Original languageEnglish (US)
Pages (from-to)444-450
Number of pages7
JournalJournal of Perinatology
Volume23
Issue number6
DOIs
StatePublished - Sep 1 2003

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Cholestasis
Parenteral Nutrition
Incidence
amino-acid, glucose, and electrolyte solution
Newborn Infant
Amino Acids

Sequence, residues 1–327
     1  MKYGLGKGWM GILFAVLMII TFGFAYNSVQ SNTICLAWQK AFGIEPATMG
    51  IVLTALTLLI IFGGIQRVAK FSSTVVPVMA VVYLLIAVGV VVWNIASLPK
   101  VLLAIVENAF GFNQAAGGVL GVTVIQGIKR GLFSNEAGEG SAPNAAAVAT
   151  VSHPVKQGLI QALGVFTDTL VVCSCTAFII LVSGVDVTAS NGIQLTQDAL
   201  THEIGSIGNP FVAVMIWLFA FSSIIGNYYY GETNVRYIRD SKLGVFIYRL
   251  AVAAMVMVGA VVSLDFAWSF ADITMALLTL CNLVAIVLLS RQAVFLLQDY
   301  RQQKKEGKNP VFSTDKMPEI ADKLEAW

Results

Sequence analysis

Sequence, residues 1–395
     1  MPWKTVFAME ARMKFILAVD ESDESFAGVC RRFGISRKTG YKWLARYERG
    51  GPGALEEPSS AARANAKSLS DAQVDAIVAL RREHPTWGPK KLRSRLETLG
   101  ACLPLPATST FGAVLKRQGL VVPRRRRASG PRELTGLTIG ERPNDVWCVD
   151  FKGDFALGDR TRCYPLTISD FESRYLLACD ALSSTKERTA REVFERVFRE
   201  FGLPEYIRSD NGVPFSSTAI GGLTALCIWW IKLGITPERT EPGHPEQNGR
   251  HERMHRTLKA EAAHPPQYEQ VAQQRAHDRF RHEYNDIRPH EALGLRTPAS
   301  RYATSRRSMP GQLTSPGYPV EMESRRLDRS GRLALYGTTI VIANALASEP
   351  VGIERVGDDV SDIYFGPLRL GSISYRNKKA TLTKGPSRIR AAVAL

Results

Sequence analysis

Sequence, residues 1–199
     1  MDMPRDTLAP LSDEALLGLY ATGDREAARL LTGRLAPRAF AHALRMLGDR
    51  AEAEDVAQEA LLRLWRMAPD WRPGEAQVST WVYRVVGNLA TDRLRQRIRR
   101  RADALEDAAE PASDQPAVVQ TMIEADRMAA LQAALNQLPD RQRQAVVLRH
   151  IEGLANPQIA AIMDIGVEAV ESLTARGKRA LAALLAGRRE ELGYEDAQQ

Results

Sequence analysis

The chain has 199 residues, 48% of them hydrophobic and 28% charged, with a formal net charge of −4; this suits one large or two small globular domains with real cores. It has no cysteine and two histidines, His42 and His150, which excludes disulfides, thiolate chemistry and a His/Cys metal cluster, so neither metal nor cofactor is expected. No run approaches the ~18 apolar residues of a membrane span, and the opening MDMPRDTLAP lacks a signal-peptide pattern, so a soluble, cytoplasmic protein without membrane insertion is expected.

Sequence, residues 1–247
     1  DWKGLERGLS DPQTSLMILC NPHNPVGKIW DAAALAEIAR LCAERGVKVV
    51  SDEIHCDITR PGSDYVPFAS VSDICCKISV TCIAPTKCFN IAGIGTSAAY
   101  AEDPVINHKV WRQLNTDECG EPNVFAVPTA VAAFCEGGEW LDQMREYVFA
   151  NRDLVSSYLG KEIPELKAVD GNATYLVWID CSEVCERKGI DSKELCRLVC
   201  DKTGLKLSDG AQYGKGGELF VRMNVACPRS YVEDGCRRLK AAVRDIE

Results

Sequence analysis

Nurseries
Enteral Nutrition
Critical Care
Jaundice
Energy Intake
Bilirubin
Birth Weight

All Science Journal Classification (ASJC) codes

  • Pediatrics, Perinatology, and Child Health
  • Obstetrics and Gynecology

Cite this

Increased incidence of parental nutrition-associated cholestasis with aminosyn PF compared to Trophamine. / Wright, Kelly; Ernst, Kimberly D.; Gaylord, Mark; Dawson, Joan P.; Burnette, Tara.

In: Journal of Perinatology, Vol. 23, No. 6, 01.09.2003, p. 444-450.

Research output: Contribution to journalArticle